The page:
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Prosecutor on Gabriel Fernandez's Case, Jon Hatami, Says He Thinks of Him Every Day

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There's not a day Los Angeles District Attorney Jon Hatami doesn’t think about Gabriel Fernandez

“I'll never have another Gabriel and I'll never forget Gabriel,” Hatami told InsideEdition.com. “I think gives me strength. It was my first really big case. I was a younger prosecutor. My wife just gave birth to our son. I have a picture of Gabriel in my house, I have a picture of Gabriel in my office. I have a couple of Christmas ornaments with Gabriel. Both my kids know who he is and they're young.”

Hatami was interviewed for the recent Netflix documentary, “The Trials of Gabriel Fernandez,” which documented the abuse and death of 8-year-old Gabriel at the hands of his mother, Pearl Fernandez, and her boyfriend, Isauro Aguirre, in 2013. Hatami, who tried the case, said it was worst abuse case he’d seen in his career. 

Over the eight months before Gabriel's murder, he was severely abused, including being shot with a BB gun, burned, being forced to eat cat litter and being locked in a small cupboard for hours in his Palmdale, Calif., home.

His mother is now serving life in prison without parole after she pleaded guilty to the murder, while Aguirre is sitting on death row at San Quentin prison after his trial. Hatami was the lead trial attorney in Antelope Valley at the time for child abuse and sexual cases, and he said the day the jury came back with a guilty verdict for Isauro Aguirre was a huge relief for him.

“The community, the family— everybody— wanted somebody to be held accountable for what happened to Gabriel and nobody was,” Hatami said. “I was so happy for the family because it's such a huge weight you carry. You don't want to let anybody down.”

On numerous occasions before Gabriel’s death, his teacher reported to the Department of Child and Family Services (DCFS) that she thought he was being abused, but he was never medically examined or removed from his mother's custody, according to prosecutors.

Four people, two social workers and two supervisors who worked for the DCFS were eventually each charged with one felony count of child abuse and one felony count of falsifying public records in 2016. The charges against these four employees were dismissed last month.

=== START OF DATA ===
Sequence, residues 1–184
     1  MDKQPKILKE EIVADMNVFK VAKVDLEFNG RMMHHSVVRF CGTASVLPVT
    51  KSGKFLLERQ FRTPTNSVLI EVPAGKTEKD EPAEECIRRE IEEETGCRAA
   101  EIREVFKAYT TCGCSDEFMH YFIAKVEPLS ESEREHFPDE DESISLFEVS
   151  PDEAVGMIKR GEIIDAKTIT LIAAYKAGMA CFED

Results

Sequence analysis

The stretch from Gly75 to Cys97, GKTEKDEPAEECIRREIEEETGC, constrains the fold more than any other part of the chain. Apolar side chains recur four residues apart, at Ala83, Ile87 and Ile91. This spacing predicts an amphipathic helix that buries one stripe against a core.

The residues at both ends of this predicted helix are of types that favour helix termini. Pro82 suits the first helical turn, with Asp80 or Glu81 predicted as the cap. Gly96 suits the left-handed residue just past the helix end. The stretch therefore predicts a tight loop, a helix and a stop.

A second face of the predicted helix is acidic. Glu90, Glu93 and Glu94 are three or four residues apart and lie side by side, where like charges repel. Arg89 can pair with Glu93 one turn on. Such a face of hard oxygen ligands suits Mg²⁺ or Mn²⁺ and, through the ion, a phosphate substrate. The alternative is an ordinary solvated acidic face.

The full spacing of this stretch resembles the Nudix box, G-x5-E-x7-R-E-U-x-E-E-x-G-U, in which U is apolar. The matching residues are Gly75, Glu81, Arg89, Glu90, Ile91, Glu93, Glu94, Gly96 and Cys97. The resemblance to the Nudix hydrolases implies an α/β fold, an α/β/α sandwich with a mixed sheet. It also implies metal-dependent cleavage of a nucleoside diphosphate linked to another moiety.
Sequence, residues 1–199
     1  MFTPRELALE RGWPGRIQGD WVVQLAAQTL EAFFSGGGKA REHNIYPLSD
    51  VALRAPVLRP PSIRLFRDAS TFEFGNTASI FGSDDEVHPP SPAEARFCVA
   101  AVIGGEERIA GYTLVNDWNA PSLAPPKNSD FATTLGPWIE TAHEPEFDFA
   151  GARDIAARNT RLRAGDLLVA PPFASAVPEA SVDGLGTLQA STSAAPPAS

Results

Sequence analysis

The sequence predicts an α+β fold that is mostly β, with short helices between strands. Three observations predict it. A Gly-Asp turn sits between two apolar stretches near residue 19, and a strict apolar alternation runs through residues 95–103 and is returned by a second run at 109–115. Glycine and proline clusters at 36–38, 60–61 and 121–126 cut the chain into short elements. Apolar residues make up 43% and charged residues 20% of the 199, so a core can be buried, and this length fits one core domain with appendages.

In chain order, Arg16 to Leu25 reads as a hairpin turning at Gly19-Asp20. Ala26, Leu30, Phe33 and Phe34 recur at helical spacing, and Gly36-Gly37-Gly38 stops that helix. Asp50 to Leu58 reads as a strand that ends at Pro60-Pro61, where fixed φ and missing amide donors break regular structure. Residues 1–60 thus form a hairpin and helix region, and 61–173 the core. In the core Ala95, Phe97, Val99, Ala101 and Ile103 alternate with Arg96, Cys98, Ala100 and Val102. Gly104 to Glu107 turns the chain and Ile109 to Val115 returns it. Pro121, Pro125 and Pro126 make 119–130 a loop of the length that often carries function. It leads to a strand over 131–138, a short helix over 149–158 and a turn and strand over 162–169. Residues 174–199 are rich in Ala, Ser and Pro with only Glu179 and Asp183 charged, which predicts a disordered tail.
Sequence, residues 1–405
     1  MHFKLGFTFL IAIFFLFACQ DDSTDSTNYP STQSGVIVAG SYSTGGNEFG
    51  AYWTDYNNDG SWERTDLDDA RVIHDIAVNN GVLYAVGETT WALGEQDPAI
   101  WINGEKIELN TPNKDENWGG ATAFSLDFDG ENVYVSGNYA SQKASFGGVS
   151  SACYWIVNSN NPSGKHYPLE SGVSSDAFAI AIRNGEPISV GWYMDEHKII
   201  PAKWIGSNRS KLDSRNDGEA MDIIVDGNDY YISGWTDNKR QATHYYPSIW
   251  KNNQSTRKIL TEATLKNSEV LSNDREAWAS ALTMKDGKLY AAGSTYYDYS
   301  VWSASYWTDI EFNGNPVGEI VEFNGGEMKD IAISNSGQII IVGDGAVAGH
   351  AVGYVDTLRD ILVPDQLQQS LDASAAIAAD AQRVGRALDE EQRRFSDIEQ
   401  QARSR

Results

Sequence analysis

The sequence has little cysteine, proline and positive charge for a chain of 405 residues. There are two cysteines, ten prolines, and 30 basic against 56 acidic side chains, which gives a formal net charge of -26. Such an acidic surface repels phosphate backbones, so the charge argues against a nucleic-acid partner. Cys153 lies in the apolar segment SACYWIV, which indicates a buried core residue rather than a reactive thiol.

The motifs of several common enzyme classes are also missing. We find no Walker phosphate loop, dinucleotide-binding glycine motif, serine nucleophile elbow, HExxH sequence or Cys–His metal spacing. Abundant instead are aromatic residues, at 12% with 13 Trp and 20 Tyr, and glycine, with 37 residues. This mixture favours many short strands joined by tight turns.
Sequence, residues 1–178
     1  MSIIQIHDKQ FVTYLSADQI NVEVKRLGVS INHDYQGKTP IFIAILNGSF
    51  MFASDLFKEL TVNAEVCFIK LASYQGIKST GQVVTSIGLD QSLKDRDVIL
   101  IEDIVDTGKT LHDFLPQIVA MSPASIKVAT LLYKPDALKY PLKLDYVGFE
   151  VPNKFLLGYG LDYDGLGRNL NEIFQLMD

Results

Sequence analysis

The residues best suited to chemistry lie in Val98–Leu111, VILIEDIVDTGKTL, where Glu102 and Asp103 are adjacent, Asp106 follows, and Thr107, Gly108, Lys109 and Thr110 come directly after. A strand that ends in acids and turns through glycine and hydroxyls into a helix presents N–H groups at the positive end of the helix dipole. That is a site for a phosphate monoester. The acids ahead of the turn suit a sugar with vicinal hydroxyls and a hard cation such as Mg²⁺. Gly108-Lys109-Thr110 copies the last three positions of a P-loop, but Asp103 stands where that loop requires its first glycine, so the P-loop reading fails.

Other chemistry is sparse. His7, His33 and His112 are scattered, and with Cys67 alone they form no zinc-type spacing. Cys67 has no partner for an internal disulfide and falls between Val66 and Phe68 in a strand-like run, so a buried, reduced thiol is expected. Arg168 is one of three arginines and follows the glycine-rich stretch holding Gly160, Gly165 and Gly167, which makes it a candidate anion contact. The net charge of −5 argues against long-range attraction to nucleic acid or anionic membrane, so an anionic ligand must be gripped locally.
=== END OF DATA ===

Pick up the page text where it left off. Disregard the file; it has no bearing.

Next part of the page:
Hatami said he thinks the system is flawed. He said DCFS often puts family preservation above all, when the department should be thinking about the rights of the child.

“They will do pretty much anything to reunite the child with these abusive parents. I think that causes a major problem in a lot of these cases,” Hatami said. “In Gabriel's case, he had family members, the maternal grandparents who wanted him, who loved him, who were caring for him. Why couldn't he stay with them?”

DCFS released a statement after the documentary came out, saying they’ve made major changes to their organization since Gabriel’s death, including hiring more than 3,500 workers and implementing a five-to-one ratio of supervisors to social workers. They also noted that they aided the documentary’s producers by providing a ride-along with a social worker in Palmdale and by planning an interview with the department’s Division Chief Ed Fithyan.

Hatami, however, says it’s not enough. Since Gabriel died, there have been more cases of children who had cases open with DCFS when they were killed at their hands of their parents.

Hatami is currently the prosecutor on the case of 4-year-old Noah Cuatro, another Palmdale boy, who spent eight months before his death in the custody of his parents where he allegedly suffered abuse. He had been taken out of their home by DCFS more than once before his alleged murder.

On Sept. 30, 2019, Cuatro’s parents, Jose Maria Cuatro Jr. and Ursula Elaine Juarez, were charged with one count of murder and torture. Both have pleaded not guilty.

“The Noah Cuatro case is the same thing," Hatami said. "You have a lot of these cases where I think there's a lot of tunnel vision with DCFS and they're just focused directly on reuniting the child with the abusive parents instead of looking at the child, taking every case on a case-by-case basis. … Vulnerable children have a right to be protected.”

Hatami still keeps in contact with many of Gabriel’s family members, and as he continues to try these types of cases, Gabriel remains with him. 

“To go through that for eight months, it's like a prisoner of war," Hatami said of Gabriel's last months on earth. "Gabriel is a hero. I'm not."

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